Tea vs Coffee; Cases for Caffeine
As a Brit, I am passionate about tea, and hold very strong opinions on the subject. One of my main complaints regarding tea are the poor excuses for teabags found abroad; weak and watery producing an unappetising layer of scum floating atop your drink, they tarnish tea’s good name. Of course, the optimum cup of tea is brewed from tea leaves, steeped in a tea-pot then poured through a strainer, but this is less common and less realistic to expect on a day to day basis.
In terms of teabags, British is best (though South African would also be acceptable); try PG Tips or, my personal favourite, Tetley’s for a good brew. Place the teabag and any sugar you require-this is subjective — in a mug, then pour boiling water on top. Allow the tea to steep for a couple of minutes, leaving the teabag in for a stronger cup, before adding milk to your taste. I’m a strong believer that a cup of tea can fire you through the day as coffee would, caffeine wise, so I leave my teabag in the mug throughout the drinking process.
Whilst my loyalty lies with tea, I am certainly partial to a cappuccino every so often and indeed, coffee tends to be the more popular beverage judging by the unending coffee-shop chains that have sprouted all over the Western World. Curious, I decided to turn to science to determine the differences, advantages and disadvantages between tea and coffee, and the results may surprise you. Before we begin, it may surprise you that the origins of tea — discovered by then ancient Chinese ruler Shen Nong – is far more ancient than coffee, which was first produced in Arabia in 647 A.D. Tea plants are native to East Asia though has also been drunk in India for a long time (the exact dates are unclear).
Most people rely on coffee for that early morning caffeine kick to jolt them into their busy day. Whilst a cup of coffee certainly contains more caffeine, with an average cup containing twice the amount of tea (80-115 milligrams), using my prolonged steeping method, tea can easily match the amount. Scientists have actually found tea to be more effective at sharpening the mind than coffee, which gives you that initial rush. However, the ‘jangly’ nerves and difficulty sleeping associated with drinking coffee do not occur with tea. Researchers at the University of Surry, UK, found that the after-effects of coffee in regard to falling asleep are unique, even if you were to consume the same amount of caffeine in a cup of tea.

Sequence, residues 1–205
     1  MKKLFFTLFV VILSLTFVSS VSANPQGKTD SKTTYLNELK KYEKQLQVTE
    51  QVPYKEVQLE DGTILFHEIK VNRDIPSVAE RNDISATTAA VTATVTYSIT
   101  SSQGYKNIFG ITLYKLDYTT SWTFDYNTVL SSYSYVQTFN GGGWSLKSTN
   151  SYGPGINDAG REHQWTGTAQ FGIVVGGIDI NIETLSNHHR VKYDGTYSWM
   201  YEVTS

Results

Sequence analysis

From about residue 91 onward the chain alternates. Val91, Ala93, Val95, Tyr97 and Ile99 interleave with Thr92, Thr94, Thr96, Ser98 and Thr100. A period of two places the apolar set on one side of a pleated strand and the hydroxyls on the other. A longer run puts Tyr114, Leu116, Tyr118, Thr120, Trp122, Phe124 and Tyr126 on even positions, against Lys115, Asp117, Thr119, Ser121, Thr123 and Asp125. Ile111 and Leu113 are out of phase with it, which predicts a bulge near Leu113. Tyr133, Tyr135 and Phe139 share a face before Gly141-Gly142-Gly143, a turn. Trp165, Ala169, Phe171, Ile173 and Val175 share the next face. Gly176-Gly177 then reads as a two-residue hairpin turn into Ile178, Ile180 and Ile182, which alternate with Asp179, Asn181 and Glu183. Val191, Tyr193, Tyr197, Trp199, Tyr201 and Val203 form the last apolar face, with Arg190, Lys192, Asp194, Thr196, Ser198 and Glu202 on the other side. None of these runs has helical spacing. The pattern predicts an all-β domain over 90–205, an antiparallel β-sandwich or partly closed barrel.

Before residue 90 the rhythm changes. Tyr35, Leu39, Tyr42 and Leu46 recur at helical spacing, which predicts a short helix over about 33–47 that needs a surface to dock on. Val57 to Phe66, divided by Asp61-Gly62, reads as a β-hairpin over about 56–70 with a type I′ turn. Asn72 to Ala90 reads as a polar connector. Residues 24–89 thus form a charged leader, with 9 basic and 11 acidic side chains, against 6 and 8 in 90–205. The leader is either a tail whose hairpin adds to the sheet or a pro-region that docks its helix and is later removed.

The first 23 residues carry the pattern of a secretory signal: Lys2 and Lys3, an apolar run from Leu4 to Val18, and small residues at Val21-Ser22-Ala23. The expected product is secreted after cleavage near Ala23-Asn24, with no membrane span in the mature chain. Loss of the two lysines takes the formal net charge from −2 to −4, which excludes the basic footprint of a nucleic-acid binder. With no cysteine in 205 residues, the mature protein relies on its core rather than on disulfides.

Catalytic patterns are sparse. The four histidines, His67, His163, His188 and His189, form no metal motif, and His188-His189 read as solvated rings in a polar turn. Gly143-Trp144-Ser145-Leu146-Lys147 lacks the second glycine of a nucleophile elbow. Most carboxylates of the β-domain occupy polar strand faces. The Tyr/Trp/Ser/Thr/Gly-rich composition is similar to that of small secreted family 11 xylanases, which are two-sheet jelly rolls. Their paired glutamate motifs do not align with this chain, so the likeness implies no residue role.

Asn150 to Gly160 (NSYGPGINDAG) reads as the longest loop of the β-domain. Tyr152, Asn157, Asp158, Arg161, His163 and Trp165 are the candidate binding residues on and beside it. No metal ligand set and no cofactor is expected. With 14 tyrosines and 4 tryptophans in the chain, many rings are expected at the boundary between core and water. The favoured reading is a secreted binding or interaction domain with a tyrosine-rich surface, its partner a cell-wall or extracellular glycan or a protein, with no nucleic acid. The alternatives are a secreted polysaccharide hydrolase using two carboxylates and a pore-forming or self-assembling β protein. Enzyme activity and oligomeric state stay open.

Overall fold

Other negatives associated with caffeinated hot drinks include teeth discolouration; whilst both black tea and coffee are guilty of tinting those pearly whites, other teas such as the white and green varieties will not affect the colour of your teeth. These types of tea also offer other notable benefits: recent research has found that green tea could aid weight loss, by kickstarting your metabolism. Some research has also suggested that the antioxidants found in tea could reduce the risk of cancer, though nothing has been confirmed and if you take yours with milk, this could affect the benefits. Regardless, the associations of soothing and healing that accompany tea are substantial pros – there is some evidence that regular tea drinkers show calmer physiological reactions in unsettling situations and those drinking three cups a day boast a 37% lower risk of depression.
Coffee, too, offers certain health benefits, if drunk in moderation. Recent research based on 300,000 participants showed that each cup of coffee consumed per day increases the risk of depression by approximately 8%. Similarly, coffee is said to reduce risks of diabetes, even if you drink the decaffeinated variety. It is also said to help prevent Alzheimers disease and heart disease, though on the flip side, some studied have shown that properties in coffee can raise cholesterol. Please note that the American Academy of Paediatrics recommends that teenagers consume no more than 100 mg of caffeine a day and that younger children should not drink caffeinated beverages on a regular basis.
Overall, it is an issue of personal taste. Until the last few decades, tea had the advantage of ceremony, which forged associations with tranquility, spending time with loved ones and relaxation. Recent coffee culture has developed its own associations with being social and active. I will however, leave you with a little ditty that my grandfather regularly sings as an ode to his beloved beverage:
“I like a nice cup of tea in the morning,
Just to start the day you see,
And at half past 11,
My idea of heaven,
Is a nice cup of tea.
I like a nice cup of tea with my dinner,
And a nice cup of tea with my tea,
And when it comes to bed there is much to be said
For a nice cup of tea!”